Those who know Pushpa Iyer well have some things to say.
They describe the Middlebury Institute of International Studies professor and director of the school’s Center for Conflict Studies as intellectually rigorous, a woman who has fought for everything she earned – a labor law degree in India, an MBA in London and then a PhD at George Mason University – and whose work focuses on identity-based conflicts and peacebuilding in societies emerging out of war and violence. From her MIIS official bio: “Her efforts to bring peace between the divided Hindu and Muslim communities in Gujarat (India) laid the foundation for her passion in social justice.”
They also describe her as a woman who doesn’t always tolerate criticism very well and doesn’t mask her impatience. And right now, they’re also describing her as an island set adrift by the same MIIS administration that appointed her as the institute’s Chief Diversity Officer and then did nothing to support her in the role.
It’s ironic that a woman whose life’s work has centered on identity-based conflicts now finds herself in the middle of one. But as one colleague put it, “[MIIS] has a convoluted (and less than admirable) history when it comes to education and race that Pushpa has been almost single-handedly fighting to change for a long time.”
While Iyer remains a professor and director of the Center for Conflict Studies at MIIS, she resigned from the Chief Diversity Officer post. In an email to the MIIS community, Jeff Dayton-Johnson, vice president for academic affairs and dean of the institute, sent an email to the MIIS community announcing that Iyer had resigned from the post.
Here’s the background.
After Minneapolis police killed George Floyd, and after nationwide Black Lives Matter demonstrations, MIIS sought to start a discussion about systemic racism, including a conversation series and a mandatory anti-racism class. One Black student, who didn’t want their name public, says Iyer wanted to hold a webinar for Black students to talk about their experience about being Black at MIIS and in America; that, the student says, put the burden on Black students to teach non-Black students about racism and put them in the position of adapting their language and feelings to avoid making non-Black students uncomfortable.
After some back and forth, Iyer sent an email to a second Black student that read, in part, “I’m at my wits end with the black students I meet at MIIS.” The two students filed a complaint with Dayton-Johnson, and a restorative justice process was supposed to occur, but it’s not clear that it happened.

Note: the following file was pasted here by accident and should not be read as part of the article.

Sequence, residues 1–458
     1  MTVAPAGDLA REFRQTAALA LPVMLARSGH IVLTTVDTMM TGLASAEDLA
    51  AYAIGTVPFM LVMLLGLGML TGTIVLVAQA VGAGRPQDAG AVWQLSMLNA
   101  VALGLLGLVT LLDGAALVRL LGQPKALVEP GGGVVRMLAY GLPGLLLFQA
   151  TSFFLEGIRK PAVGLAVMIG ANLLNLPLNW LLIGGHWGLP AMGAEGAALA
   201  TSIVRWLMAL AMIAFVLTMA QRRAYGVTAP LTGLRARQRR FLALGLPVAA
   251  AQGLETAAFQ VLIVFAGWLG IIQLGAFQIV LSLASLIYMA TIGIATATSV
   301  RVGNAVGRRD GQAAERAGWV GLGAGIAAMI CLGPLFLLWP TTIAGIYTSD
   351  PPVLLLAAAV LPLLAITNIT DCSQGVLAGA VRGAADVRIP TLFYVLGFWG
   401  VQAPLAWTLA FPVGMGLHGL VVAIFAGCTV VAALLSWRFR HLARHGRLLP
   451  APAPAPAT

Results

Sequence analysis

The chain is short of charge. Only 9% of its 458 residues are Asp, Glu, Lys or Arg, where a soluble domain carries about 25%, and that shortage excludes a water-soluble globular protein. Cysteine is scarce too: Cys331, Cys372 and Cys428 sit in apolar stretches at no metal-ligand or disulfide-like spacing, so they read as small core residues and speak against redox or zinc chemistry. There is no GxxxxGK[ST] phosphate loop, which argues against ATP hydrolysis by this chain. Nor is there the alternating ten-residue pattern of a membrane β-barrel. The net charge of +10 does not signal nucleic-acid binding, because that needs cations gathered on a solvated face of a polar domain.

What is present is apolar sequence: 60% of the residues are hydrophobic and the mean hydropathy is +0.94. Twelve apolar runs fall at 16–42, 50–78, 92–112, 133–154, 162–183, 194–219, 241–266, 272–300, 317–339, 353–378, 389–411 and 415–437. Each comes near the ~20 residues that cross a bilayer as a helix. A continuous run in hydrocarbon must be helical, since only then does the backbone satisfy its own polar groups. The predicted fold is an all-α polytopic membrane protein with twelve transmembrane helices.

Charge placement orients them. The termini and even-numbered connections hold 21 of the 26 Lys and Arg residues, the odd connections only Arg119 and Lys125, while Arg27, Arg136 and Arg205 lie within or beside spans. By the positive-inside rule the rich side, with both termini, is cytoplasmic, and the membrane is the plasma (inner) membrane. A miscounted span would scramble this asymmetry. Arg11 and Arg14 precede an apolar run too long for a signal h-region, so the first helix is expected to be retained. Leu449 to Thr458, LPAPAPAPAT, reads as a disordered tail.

Among the students’ demands: That Iyer apologize to them and the school apologize to all Black students at MIIS, and that Iyer resign as CDO.
After the Weekly ran a story about Iyer’s resignation, and attributed that resignation to the students’ demand, a group of MIIS alumni – Black, brown and white – sent letters and comments to the paper. The letters state that Iyer hadn’t resigned because of the email she sent to the Black student; she resigned because the school’s administration left her hanging out to dry. The alumni letters also claims the Black students involved created their own microaggression against Iyer, one of many, along with apathy and pushback from the school, that Iyer has faced in her 13 years at MIIS.
One alum, Francesca Aka, says she’s discouraged by Iyer’s resignation. “For an institute such as MIIS that teaches and advocates for social justice, it did great injustice to one of its international faculty members by undermining her work and not publicly recognizing her value.” Alum Gina Pham describes Iyer as the boldest and most effective professional in diversity work she’s ever met. “Pushpa managed to advance race conversations past the level of superficiality and white fragility they too often get stuck at, and she taught the MIIS community how to practice allyship in their daily lives,” Pham writes, despite “lack of support from administration and facing constant racism herself.”
A MIIS media representative writes that Dayton-Johnson’s previous email to the MIIS community would be his only public statement. Iyer did not respond to requests for comment.